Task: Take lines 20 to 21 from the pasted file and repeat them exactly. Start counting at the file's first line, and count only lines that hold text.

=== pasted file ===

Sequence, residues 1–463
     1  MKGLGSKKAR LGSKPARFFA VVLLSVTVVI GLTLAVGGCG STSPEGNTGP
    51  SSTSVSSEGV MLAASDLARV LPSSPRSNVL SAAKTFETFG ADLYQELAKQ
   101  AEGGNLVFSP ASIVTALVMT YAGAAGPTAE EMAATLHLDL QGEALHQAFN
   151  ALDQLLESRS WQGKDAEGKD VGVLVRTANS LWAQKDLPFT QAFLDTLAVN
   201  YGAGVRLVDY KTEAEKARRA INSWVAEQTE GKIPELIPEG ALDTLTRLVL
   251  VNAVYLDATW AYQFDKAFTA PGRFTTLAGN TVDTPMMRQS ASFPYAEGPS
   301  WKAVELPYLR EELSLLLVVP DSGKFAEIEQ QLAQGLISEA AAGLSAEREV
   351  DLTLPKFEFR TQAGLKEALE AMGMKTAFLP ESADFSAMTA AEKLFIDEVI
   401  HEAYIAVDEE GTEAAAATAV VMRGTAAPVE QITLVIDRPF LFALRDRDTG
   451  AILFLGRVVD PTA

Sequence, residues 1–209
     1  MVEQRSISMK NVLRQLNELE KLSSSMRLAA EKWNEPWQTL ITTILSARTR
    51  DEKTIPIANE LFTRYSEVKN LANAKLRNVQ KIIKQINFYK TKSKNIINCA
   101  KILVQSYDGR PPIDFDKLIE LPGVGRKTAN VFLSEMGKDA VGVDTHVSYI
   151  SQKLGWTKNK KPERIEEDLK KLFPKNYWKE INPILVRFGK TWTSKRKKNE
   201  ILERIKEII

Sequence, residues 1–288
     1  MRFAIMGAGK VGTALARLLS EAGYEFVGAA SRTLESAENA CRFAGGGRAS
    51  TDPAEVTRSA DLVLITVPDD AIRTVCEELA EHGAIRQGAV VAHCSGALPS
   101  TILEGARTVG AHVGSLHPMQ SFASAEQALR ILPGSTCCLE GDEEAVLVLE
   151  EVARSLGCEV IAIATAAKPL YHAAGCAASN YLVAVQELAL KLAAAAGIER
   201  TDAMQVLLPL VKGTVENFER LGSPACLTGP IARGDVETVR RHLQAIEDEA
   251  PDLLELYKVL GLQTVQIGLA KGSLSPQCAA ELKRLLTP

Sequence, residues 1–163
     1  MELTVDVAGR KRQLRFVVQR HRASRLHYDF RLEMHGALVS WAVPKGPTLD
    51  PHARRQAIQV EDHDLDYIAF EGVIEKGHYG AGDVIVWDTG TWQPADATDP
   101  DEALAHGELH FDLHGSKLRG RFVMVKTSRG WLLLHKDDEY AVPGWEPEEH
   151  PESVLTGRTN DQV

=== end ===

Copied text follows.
    51  TDPAEVTRSA DLVLITVPDD AIRTVCEELA EHGAIRQGAV VAHCSGALPS
   101  TILEGARTVG AHVGSLHPMQ SFASAEQALR ILPGSTCCLE GDEEAVLVLE